Harari, Yuval Noah. ‚ÄúNationalism vs. Globalism: The New Political Divide.‚ÄĚ TED. Feb. 2017. Lecture. (Source)

*This essay is a¬†follow up to¬†the series, “The Global Schoolhouse,” originally published on December 2016. You can read Part 1¬†here.


The Cliff of Care

too muchImportance is the worst thing to put on art, comedy‚ÄĒcreativity of any kind. […] If you think this is important, you’re screwed before you write the first word.

‚ÄĒJerry Seinfeld,¬†Comedians In Cars Getting Coffee with Lewis Black

What is the difference between caring too much and not enough? Sometimes it’s just one last straw‚ÄĒone final incident that pushes us over the edge. We see this at our workplaces, contrasting an excited¬†intern with the embattled veteran clocking in and out like a robot. We see it with new parents who trade fashion for durability. And we see it in politics when the news creates such a piercing noise that we simply go deaf to the din.

Like eating or drinking too much, our care has a breaking point. A gluttonous night out can force our stomach from too full to completely empty in an instant, and it is this momentary purge that exemplifies the Cliff of Care. With so many names‚ÄĒoutrage fatigue, clarity, burnout, calm, apathy, patience‚ÄĒit can be difficult to know whether the valley beyond the cliff is a safe place to be. As with any journey, it depends on how we got there and our attitude along the way.

Once we reach the cliff’s edge, we can either walk off gracefully, landing softly on the ground below, or get pushed, kicking and screaming, breaking bones on the way down. This is the difference between coming to peace with our situation or becoming apathetic in our resentment. The graceful among us land on their feet through the power of perspective. These are the people who after battling illness, divorce, violence,¬†bankruptcy, discrimination, and many other hardships, still find the positive in each challenge, putting them into perspective. They are calm and kind despite every reason not to be. And they serve as inspiration to “get over” whatever small annoyances we face in life.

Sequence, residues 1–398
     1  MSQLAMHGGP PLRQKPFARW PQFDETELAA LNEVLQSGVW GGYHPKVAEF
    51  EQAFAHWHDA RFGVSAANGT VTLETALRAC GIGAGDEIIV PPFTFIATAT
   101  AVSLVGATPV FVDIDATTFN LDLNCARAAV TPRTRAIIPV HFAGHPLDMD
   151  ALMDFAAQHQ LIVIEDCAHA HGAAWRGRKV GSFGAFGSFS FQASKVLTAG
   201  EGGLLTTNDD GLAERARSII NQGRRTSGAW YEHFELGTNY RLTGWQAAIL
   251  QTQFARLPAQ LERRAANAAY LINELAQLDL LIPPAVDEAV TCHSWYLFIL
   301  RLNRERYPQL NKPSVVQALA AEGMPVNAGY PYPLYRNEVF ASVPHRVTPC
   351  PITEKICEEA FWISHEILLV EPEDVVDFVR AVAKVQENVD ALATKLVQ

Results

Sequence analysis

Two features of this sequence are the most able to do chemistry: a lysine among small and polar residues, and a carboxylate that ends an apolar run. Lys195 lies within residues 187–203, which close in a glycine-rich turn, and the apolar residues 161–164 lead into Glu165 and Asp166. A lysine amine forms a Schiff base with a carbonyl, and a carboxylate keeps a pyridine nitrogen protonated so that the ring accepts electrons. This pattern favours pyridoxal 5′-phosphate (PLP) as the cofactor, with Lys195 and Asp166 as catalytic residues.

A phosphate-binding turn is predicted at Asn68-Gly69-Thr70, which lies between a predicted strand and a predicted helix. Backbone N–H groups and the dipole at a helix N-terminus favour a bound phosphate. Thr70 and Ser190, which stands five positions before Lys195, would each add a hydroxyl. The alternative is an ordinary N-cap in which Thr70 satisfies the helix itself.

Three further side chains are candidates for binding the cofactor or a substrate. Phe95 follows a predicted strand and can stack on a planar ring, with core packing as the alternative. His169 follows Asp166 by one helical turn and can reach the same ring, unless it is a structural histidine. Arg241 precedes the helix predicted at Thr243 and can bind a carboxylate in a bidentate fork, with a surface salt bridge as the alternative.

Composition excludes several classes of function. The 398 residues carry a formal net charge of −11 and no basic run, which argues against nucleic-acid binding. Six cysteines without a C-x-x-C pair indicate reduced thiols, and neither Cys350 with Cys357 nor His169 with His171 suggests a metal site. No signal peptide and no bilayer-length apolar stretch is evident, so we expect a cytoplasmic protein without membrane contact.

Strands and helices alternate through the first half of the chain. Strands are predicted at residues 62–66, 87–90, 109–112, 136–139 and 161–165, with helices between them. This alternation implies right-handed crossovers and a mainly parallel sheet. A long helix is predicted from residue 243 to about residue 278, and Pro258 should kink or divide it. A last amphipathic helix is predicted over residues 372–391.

Unfortunately, the less gracious cliff jumpers‚ÄĒthe ones who bitterly or hopelessly give up the will to care‚ÄĒalso exist. Fortunately, the Cliff of Care is not a standalone phenomenon. We may tumble off the cliff and become apathetic to the politics of our world¬†but safely detached at work, no longer wrapping our self-worth¬†in¬†what our boss thinks. This is where awareness can be helpful. Just by knowing about the difference between being on the cliff and being in the valley can help us safely navigate our way.

Detaching emotionally is not something we can will ourselves to do (at least, not immediately). Stepping off the cliff allows us to leave behind our emotional baggage, but first it requires a¬†gradual climb of frustration. This is why telling someone they need to just “get over it” rarely works. Seeing the cliff for what it is can make us come across as callous or cold-hearted when dealing with those who have not yet moved on. Brushing off¬†their emotional concerns as unimportant is seen as dismissive. Rather than pushing them off the cliff to a painful, bitter landing, we must try to remember what it was like to be atop the cliff, empathize, and help guide them down safely.

Conversely, when we‚Äôre stranded on¬†the peak¬†of care, pulling our hair out, and wondering why no one else gives a shit, it is difficult to see our position for what it is. We don’t have the perspective. Holding on to what feels important can be blinding. Whether it’s the cleanliness of the kitchen, quarterly sales at work, or death¬†of a loved one, not everyone is going to understand our level of care.¬†And while intense care can motivate us to act, we shouldn‚Äôt expect others to follow. When we find ourselves in isolation in a sea of seeming apathy, it may be time for self-reflection. It is immodest to think that we are the only sane people in a world full of crazies.

cliff of care_graph